X

Create an account to continue reading.

Registered readers have access to our blogs and a limited number of magazine articles
For unlimited access to The Spectator, subscribe below

Registered readers have access to our blogs and a limited number of magazine articles

Sign in to continue

Already have an account?

What's my subscriber number?

Subscribe now from £1 a week

Online

Unlimited access to The Spectator including the full archive from 1828

Print

Weekly delivery of the magazine

App

Phone & tablet edition of the magazine

Spectator Club

Subscriber-only offers, events and discounts
 
View subscription offers

Already a subscriber?

or

Subscribe now for unlimited access

ALL FROM JUST £1 A WEEK

View subscription offers

Thank you for creating your account – To update your details click here to manage your account

Thank you for creating your account – To update your details click here to manage your account

Thank you for creating an account – Your subscriber number was not recognised though. To link your subscription visit the My Account page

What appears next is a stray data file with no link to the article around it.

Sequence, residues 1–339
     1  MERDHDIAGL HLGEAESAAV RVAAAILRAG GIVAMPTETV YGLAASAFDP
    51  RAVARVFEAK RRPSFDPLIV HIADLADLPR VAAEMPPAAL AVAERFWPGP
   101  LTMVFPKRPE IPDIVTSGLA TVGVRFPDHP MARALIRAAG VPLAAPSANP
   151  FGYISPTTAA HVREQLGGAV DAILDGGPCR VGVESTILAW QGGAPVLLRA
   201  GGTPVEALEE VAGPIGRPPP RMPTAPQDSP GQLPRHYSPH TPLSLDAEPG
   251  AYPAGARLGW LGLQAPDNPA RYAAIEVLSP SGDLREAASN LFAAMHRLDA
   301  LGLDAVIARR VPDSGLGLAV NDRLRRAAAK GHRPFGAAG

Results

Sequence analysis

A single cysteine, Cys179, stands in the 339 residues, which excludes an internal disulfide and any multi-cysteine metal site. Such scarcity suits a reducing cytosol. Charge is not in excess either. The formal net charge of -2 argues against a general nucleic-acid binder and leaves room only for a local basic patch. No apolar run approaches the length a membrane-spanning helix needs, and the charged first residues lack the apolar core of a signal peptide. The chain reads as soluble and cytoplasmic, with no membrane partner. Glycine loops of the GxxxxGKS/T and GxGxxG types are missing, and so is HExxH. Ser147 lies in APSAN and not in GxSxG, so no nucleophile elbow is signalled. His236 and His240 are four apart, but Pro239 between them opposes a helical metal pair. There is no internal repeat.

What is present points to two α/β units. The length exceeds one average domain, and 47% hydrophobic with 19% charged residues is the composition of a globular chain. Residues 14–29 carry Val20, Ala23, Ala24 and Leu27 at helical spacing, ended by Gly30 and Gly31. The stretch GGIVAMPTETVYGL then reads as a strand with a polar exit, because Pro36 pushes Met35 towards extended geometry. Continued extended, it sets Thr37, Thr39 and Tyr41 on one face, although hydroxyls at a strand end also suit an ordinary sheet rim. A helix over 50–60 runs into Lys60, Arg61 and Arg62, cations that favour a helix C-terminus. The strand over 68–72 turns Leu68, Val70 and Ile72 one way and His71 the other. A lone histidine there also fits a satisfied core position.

Thank you for creating your account – To update your details click here to manage your account

X

Login

Don't have an account? Sign up
X

Subscription expired

Your subscription has expired. Please go to My Account to renew it or view subscription offers.

X

Forgot Password

Please check your email

If the email address you entered is associated with a web account on our system, you will receive an email from us with instructions for resetting your password.

If you don't receive this email, please check your junk mail folder.

X

It's time to subscribe.

You've read all your free Spectator magazine articles for this month.

Subscribe now for unlimited access – from just £1 a week

You've read all your free Spectator magazine articles for this month.

Subscribe now for unlimited access

Online

Unlimited access to The Spectator including the full archive from 1828

Print

Weekly delivery of the magazine

App

Phone & tablet edition of the magazine

Spectator Club

Subscriber-only offers, events and discounts
X

Sign up

What's my subscriber number? Already have an account?

Thank you for creating your account – To update your details click here to manage your account